- Difficulty Difficult
- Time 9 hours
- Round-Trip 26km
- Elevation Gain 920 meters
- Season July - October
- Camping Yes
- From Vancouver 2 hours 15 minutes
- Public Transit No
- Dog Friendly No
June 18, 2022 - The Cheakamus Lake trail is currently closed due to bear activity.
A free Day-Use Pass is required to hike this trail beginning June 17, 2022. Reservations can be made with BC Parks.
The hike to Helm Lake begins from the Cheakamus Lake parking lot area and climbs steeply before reaching the Helm Creek campsite and passing through the alpine area of Garibaldi Provincial Park. The route has incredible views of Black Tusk, Cinder Cone, and much more and is popular with campers wanting to stay overnight to explore some of the longer hikes.
Follow the trail at the end of the parking lot towards Cheakamus Lake as you leave the open area and enter the forest. The first 1.5km follows the trail to Cheakamus Lake until you reach the junction to Helm Lake. The route is relatively easy to begin and passes through a scenic forest. From the junction, it's about 7.5km to the Helm Creek campground. Go right and walk down the hill as the trail veers left and then back to the right before reaching a metal bridge that crosses Cheakamus Lake.
After crossing the bridge, the trail climbs very steeply through a series of switchbacks. The trail is well maintained but the climb is relentless as you gain more than 300-meters in elevation quickly. When you reach a clearing on your left where there are benches made out of fallen logs, this rest stop signals the end of the really steep section of the hike.
Continue hiking uphill as the trail is now much more gradual but continues through the forested area. The rushing water of Helm Creek can be heard to the right but there are only a couple of glimpses along the route where you can see the creek. After hiking for more than an hour, you get the first hint that you are approaching the campsite after crossing a small wooden bridge over a creek.
About another 15 - 20 minutes further and the trail reaches a meadow at the Helm Creek campsite where Black Tusk towers high above in the backdrop. Pass through the campsite and continue straight along the trail for the next 4km to Helm Lake. The trail continues to climb gradually and there are fewer trees around with more magnificent views of the area. To the right is the incredible looking Black Tusk and to the right is a mountain known as Cinder Cone.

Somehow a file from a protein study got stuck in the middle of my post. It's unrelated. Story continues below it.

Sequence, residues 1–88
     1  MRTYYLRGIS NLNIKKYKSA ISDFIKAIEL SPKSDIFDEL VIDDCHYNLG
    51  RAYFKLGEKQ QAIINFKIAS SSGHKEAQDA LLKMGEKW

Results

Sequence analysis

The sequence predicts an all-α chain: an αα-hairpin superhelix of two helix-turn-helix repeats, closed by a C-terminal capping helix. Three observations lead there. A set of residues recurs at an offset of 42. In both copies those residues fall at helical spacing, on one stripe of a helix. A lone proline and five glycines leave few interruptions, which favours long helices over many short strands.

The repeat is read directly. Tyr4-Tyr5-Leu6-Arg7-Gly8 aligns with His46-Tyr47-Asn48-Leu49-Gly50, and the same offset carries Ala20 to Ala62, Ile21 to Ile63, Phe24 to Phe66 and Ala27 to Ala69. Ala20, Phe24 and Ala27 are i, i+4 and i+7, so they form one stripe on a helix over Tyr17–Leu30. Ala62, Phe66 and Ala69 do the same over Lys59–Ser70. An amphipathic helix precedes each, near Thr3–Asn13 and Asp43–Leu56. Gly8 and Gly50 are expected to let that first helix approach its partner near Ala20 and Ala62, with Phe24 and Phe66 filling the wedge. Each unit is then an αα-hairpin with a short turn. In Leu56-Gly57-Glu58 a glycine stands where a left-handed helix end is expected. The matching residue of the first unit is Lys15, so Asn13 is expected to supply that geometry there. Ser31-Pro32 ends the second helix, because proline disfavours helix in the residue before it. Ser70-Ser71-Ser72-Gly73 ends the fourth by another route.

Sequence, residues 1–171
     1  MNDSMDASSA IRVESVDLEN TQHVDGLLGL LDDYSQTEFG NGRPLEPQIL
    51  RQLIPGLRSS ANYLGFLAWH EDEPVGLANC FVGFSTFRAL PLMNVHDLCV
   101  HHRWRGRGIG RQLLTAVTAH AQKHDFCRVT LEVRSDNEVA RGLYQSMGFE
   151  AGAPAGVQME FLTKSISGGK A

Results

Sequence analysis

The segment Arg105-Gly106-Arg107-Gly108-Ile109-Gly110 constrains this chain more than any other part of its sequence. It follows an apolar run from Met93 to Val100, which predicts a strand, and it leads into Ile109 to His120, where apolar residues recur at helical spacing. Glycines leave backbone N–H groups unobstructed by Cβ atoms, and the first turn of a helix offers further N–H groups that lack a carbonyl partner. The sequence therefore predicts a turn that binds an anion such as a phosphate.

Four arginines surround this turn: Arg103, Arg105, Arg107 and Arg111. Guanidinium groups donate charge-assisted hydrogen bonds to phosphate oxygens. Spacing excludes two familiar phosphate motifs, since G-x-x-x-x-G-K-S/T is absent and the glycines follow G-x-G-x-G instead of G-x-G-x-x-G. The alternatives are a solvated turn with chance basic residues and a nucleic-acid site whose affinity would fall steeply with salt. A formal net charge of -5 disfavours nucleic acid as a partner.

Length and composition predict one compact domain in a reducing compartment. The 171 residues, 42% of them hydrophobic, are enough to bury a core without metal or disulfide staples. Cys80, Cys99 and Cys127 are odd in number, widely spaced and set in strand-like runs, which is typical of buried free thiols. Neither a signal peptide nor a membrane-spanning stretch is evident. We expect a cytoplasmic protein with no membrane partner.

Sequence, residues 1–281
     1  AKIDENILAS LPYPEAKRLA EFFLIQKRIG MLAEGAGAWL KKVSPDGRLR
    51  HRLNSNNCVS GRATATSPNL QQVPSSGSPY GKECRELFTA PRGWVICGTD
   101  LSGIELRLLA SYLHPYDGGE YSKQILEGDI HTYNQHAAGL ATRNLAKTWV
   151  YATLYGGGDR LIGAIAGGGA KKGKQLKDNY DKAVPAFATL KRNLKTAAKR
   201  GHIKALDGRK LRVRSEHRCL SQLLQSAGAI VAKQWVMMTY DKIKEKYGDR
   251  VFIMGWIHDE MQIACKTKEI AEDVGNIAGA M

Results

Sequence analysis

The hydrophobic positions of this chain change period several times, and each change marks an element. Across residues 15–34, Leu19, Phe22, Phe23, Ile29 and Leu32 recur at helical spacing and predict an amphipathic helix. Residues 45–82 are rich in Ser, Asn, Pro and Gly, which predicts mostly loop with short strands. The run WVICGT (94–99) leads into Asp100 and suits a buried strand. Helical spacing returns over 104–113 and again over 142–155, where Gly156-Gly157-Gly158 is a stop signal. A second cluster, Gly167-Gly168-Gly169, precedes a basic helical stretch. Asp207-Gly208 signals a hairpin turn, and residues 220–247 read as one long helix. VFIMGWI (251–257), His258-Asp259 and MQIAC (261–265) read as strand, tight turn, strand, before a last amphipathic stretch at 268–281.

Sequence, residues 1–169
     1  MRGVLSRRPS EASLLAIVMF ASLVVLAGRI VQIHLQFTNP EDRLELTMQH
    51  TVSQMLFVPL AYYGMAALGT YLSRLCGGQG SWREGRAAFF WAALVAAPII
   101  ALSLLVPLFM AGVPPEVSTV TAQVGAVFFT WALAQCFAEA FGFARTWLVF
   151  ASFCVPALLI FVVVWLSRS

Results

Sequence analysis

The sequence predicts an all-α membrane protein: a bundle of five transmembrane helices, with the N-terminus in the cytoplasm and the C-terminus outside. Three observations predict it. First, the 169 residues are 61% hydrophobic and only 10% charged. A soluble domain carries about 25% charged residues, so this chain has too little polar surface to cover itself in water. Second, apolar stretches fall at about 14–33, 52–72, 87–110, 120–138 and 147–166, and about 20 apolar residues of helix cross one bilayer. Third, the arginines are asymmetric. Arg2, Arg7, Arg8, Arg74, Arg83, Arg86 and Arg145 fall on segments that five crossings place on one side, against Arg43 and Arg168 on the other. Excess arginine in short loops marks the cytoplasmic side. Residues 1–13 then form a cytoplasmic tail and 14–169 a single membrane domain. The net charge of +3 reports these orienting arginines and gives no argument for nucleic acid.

The trail reaches a lake that is sometimes confused as Helm Lake. Pass the lake with an unknown name and continue along the edges as the trail now follows a rocky route marked by posts with trail markers. When you reach a river, go left and follow the markers along the river a short distance to where there is a bridge crossing. Cross over the raised bridge, then follow the river back down before veering left and heading towards Helm Lake. The lake can be seen across the rocks and appears to be hovering on the rocks just below Black Tusk.
The best view of Helm Lake is along the trail, continuing past the lake and up the rocky hill. Find a place to sit and enjoy the view looking back across the valley where you hiked.
Just a short 10-minute hike beyond Helm Lake brings you to the Panorama Ridge junction, where you can decide to do a much longer hike to either Panorama Ridge, Black Tusk, Garibaldi Lake, or the traverse to the Rubble Creek parking lot. While it's usually common to camp overnight and do these longer hikes the next day, it's possible to hike to Panorama Ridge but makes for a very strenuous and long day of hiking.
After enjoying the views, retrace your steps, walking back towards the river and crossing the bridge upstream, before heading back through the alpine area towards the Helm Creek campsite. Take your time and enjoy the incredible scenery and views as you make your way gradually downhill. After passing through the campsite, begin the long trek through the forest back downhill towards the Cheakamus River. Pace yourself and your legs and prepare yourself for the steep switchbacks after passing the rest area. Cross the Cheakamus River and walk up the trail to the junction that joins with the Cheakamus Lake trail. Go left and walk the final 1.5km back to the parking lot.